History: A 43-year-old woman initially presented with left-sided hearing loss in 2007 (initial diagnosis withheld) now presents with progressive gait instability and new left arm pain and numbness.
An MRI scan of the head was performed. In order: axial T2-weighted, axial T2-weighted fluid-attenuated inversion-recovery (FLAIR), axial T1-weighted postcontrast, coronal T1-weighted postcontrast, axial diffusion-weighted (DWI), and axial apparent diffusion coefficient (ADC) images of the brain.
An MRI scan of the cervical spine also was performed. Sagittal and coronal T2-weighted, sagittal T1-weighted precontrast, sagittal T1-weighted postcontrast, and axial T1-weighted postcontrast images are shown below.
Head MRI: There are multiple heterogeneously enhancing masses involving the right Meckel\’s cave, right cerebellopontine/cerebellomedullary angle, left cerebellopontine angle and internal auditory canal extending to the fundus and the cochlear aperture, and along the left cisternal trigeminal nerve into Meckel\’s cave. These are most consistent with multiple schwannomas. There is stable mass effect on the right cerebellum and brainstem, compression of the fourth ventricle, and prominence of the ventricular system. There is no acute hemorrhage, infarct, or pathologic parenchymal enhancement.
C-spine MRI: Multiple nerve sheath tumors are seen in the cervical spine and neck, including along the right C2 and left C5 nerve roots, consistent with schwannomas. Intraspinal lesions at C3-4 cause mass effect and distortion of the cord.
- Neurofibromatosis 2
- Multiple meningiomas
- Tuberous sclerosis
- Neurofibromatosis 1
- von Hippel-Lindau syndrome
- von Hippel-Lindau综合征
Diagnosis: Neurofibromatosis 2
Genetic testing is used for definitive diagnosis. However, bilateral vestibular schwannomas are considered diagnostic. Additionally, a combination of unilateral vestibular schwannomas with meningioma and other associated CNS tumors in the setting of a first-degree relative also can be used to make a clinical diagnosis.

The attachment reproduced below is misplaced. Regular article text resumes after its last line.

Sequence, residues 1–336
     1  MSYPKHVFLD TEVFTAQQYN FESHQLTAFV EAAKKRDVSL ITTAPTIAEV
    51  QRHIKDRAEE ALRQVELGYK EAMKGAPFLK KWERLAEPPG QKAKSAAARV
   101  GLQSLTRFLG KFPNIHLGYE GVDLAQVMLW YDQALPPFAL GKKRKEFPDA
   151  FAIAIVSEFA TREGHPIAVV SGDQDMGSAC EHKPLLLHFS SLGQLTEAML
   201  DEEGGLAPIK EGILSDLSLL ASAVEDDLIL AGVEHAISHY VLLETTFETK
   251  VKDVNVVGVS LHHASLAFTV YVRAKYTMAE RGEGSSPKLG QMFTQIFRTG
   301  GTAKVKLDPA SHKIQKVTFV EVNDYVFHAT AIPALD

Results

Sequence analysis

Imaging features 影像表现
Imaging is crucial for understanding the exact malformations present in each individual and for presurgical planning.
- Vestibular schwannomas (approximately 96% of patients):
Vestibular schwannomas (CN VIII) usually occur in the internal auditory canal or porus acusticus, and 90% of patients develop bilateral vestibular schwannomas.
On CT, they are hypodense to isodense, may calcify, and may enlarge the bony internal auditory canal.
On MRI, they are hypointense on T1, hyperintense on T2, and display avid contrast enhancement.
Larger lesions are often more heterogeneous with possible hemorrhage.
Schwannomas involving the fifth to ninth and 12th nerves also are often seen, with variable appearance, including presenting as nodular masses, sometimes with enlargement of skull base foramina.
- Meningiomas (approximately 58% of patients):
There can be multiple meningiomas that can range in size and that occur in an early age.
They appear as dural-based extra-axial lesions, isointense to gray matter on T1- and T2-weighted imaging with avid contrast enhancement.
- Spinal tumors (approximately 55% of patients):
Includes intramedullary ependymomas, schwannomas, and meningiomas, which can be seen throughout the spine.
Can be associated with a syrinx.
Transcortical and leptomeningeal meningovascular proliferation is seen with focal calcifications and is associated with headaches and seizures.
Nodular cortical or subcortical masses extending to overlying leptomeninges in a plaque-like appearance can be seen anywhere in the brain.
- Peripheral schwannomas:
Arise from dorsal nerve roots with some extradural extensions (dumbbell morphology).
Appear isointense to skeletal muscle on T1 and hyperintense on T2, with avid contrast enhancement.